I've lived in smaller towns where I was the only one from "outside" and everyone there had lots and lots of family around. In one town I had people to my home for dinner a lot, but no one ever reached out to me. When we moved away my husband had to stay back and work for 3 months. He stayed in a downtrodden old hotel to save money since things were tight. The only place he could eat was fast food. And no one we knew so much as invited him for dinner during the whole three months. I couldn't believe that people we'd had over for dinner wouldn't even think to reach out to my husband, but that's how it was.

    Then, in another smaller town people were generally pretty friendly and didn't act like we were outsiders at all. I think it helped that an oldtimer there decided to make us friends and then everyone else did the same.

    So I guess I can't say that people in smaller towns are necessarily friendlier than city people, nor can I say that city people are friendlier than country. I think it just depends on the kind of town and atmosphere you're in. People are different everywhere and also much the same. Some places have cliques where they keep outsiders out. Other places welcome newcomers and show them a kind spirit. And of course there are always good people everywhere you go. You just have to pray hard God will help you find them. :happy:
     
  12. sandave88

    sandave88 Well-Known Member

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    I have noticed this also. People holding doors and thanking you when you do the same. This does not happen in the city. When my 12 yo holds doors or says have a nice day people are shocked and take notice usually. There are some who don't notice or chose not to express graditude. In the country everyone seems to be in a much better mood and not as crazed about life.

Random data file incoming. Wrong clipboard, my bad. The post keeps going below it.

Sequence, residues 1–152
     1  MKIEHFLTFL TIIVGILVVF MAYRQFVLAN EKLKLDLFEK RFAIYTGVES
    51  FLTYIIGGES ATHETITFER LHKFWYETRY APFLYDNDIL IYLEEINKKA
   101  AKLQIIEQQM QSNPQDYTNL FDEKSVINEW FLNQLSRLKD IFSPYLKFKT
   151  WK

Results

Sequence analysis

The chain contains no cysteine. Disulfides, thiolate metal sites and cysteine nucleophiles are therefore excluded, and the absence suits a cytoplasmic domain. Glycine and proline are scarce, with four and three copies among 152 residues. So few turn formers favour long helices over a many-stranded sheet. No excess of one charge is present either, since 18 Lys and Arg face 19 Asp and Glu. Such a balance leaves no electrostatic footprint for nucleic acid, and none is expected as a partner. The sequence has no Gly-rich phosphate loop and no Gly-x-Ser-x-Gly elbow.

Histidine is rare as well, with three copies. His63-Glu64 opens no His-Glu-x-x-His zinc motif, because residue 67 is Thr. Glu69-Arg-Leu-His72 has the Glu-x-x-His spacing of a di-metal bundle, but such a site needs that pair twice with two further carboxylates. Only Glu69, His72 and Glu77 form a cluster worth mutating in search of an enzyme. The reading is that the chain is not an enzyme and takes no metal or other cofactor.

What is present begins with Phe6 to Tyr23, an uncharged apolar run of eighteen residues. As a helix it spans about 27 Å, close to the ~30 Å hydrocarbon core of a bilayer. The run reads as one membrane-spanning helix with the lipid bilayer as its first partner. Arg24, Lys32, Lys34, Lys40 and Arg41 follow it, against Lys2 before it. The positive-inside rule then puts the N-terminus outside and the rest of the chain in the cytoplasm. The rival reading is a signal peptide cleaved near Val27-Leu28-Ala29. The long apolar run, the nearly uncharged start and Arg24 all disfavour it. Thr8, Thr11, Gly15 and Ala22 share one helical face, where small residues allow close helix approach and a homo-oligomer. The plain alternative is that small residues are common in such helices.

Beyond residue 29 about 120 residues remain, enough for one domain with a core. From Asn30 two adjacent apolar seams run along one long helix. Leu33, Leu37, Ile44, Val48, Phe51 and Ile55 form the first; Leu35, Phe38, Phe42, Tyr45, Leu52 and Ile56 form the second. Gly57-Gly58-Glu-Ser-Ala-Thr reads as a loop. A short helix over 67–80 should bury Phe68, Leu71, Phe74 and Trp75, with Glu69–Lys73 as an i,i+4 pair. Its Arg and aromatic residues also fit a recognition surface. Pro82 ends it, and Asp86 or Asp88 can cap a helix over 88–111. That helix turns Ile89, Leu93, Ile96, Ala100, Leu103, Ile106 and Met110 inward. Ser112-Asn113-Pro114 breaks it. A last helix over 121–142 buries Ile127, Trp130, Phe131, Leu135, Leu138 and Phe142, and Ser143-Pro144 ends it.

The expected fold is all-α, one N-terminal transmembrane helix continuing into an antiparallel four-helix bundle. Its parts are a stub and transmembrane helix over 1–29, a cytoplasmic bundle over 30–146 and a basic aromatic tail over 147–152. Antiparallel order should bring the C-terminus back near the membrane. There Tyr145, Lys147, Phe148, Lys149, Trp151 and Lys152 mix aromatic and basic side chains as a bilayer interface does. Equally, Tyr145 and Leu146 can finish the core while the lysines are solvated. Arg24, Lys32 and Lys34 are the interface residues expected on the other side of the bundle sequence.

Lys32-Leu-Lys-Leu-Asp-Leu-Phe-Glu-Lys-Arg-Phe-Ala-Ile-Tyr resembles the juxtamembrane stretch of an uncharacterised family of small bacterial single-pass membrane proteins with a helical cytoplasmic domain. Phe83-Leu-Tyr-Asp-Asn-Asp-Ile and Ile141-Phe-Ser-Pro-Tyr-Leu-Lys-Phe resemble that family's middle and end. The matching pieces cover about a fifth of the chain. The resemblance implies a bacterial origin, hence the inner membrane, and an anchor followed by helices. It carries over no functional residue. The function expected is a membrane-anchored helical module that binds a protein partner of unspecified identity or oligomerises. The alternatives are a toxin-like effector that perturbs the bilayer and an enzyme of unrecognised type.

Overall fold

13. Christiaan

    Christiaan Dutch Highlands Farm

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    I've lived out here in the country since November of 2002. About a month ago I had a dinner party with some friends and I invited my 81 year old neighbor who has lived here since 1976. He lives by himself in a mobile, has a horse, and does American Primitive painting. My dinner was the first time that anyone here had ever invited him to dinner! I couldn't believe it, but on reflection..............
    This past weekend the new neighbors had a big cookout. They provided all the food and drinks, even had a live band. We went. The neighbors on the other side of them came. That was it. Thank goodness all their friends came or it would have been a very lonely affair.
    So much for country friendliness.
     
  14. 65284

    65284 Well-Known Member Supporter

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    I suppose I will anger some folks with this opinion, but here it is anyway. I have traveled a lot in this great land, been in all of the lower 48 states multiple times. And as a general rule I have found the folks in NY and the the rest of the Northeast to be the least friendly and helpful of all. A lot of them seem to have a smug, superior attitude and act like they are doing you a big time favor by allowing your to spend your money in their establishment. Granted, I dealt mostly with city folks, but almost every one in that area seemed very, very, different from people anywhere else I have been in the entire country. I'm sure there are many exceptions to my generalizations......I just didn't meet many of them.